‘Cement for Missiles’

A Palestinian worker checks a truck loaded with cement bags after entering the Gaza Strip through the Kerem Shalom Crossing. (Abed Rahim Khatib/Flash90)
A Palestinian worker checks a truck loaded with cement bags after entering the Gaza Strip through the Kerem Shalom Crossing. (Abed Rahim Khatib/Flash90)

When international aid starts flowing into Gaza for post-Protective Edge rebuilding, what can be done to ensure that cement and steel go to building homes, factories and hospitals and not, once again, for the construction of terror tunnels?

Eyal Ofer, an expert on Hamas and the Gaza economy, has a simple, but potentially effective, idea. “We must bring about a situation whereby no truckload of cement will be allowed into Gaza until a truck leaves Gaza bearing a Fajr missile,” he told Israel Radio’s Keren Neubach last week.

In other words, “land for peace” didn’t work, but “cement for missiles” should be given a try.

“It won’t happen overnight; it may take six months to set up, but if Hamas understands that the rehabilitation of Gaza depends on its giving up its missiles and disarming, it will have no choice.”

Gaza’s economy was in dire straits even before the war, having no industry and no exports. The only growth industry is terrorism, with Hamas growing by a factor of 25 since Israel left Gaza in 2005 in the “disengagement.” The terror organization’s annual budget has skyrocketed over the past nine years from $40 million to $1 billion.

Where does it get the money to pay 45,000 employees, including 25,000 armed police and soldiers belonging to Izzadin al-Kassam? According to Ofer, it operates as part-government and part-mafia, collecting taxes-protection money from everyone from the poor guy who owns a falafel stand to the wealthy businessman buying a BMW.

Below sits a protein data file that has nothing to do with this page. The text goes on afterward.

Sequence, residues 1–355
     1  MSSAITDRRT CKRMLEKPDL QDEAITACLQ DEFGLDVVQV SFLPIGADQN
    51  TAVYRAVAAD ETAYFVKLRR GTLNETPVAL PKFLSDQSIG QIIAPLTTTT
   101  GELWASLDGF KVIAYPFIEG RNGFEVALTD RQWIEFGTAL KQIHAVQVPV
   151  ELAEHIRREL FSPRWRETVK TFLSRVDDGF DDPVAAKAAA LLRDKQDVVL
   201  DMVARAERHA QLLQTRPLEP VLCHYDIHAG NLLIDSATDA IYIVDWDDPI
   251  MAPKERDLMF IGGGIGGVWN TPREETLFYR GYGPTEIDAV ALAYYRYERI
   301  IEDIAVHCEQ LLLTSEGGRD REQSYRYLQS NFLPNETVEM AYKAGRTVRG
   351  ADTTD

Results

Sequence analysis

“When Israel allows a luxury car into Gaza, Hamas collects NIS 150,000 in taxes on it,” he says. “Hamas controls the gas stations and ensures that only someone with license plates that show he has paid the tax can purchase gas.”

Hamas also manages to take a slice out of the international funding that comes via the Palestinian Authority (some $1.5 billion a year) and through UNWRA, which together pay some 150,000 salaries, imposing a variety of indirect taxes.

In exchange, Hamas rules Gaza with an iron hand, ensuring that crime is low and the streets are safe.

Gaza does have natural gas fields that could bring in income, but Israel, under then-Prime Minister Ariel Sharon, decided not to do business with it, preferring a deal with Egypt instead. For the time being, there are no other customers for the gas and it is failing to produce income.

The result is that Gaza’s population of 1.8 million suffers from 43 percent unemployment and few prospects for the future. Even the cement with which they’ve built their homes is substandard because Hamas seized the top-quality cement for its tunnels.

The only way to ensure that the building materials that will likely flow into Gaza in the months ahead reach their intended destination, and don’t end up below ground, is for Israel and Egypt — through which the materials will come — to use their economic clout, Ofer suggests.

This means that trucks bearing aid will be allowed in only after trucks bearing weapons are sent out. This, he adds, will make Hamas understand that there’s no point in their weapons build-up.

“We have economic weapons which we should be using,” Ofer concludes. “This would save civilian lives in Israel and in Gaza.”

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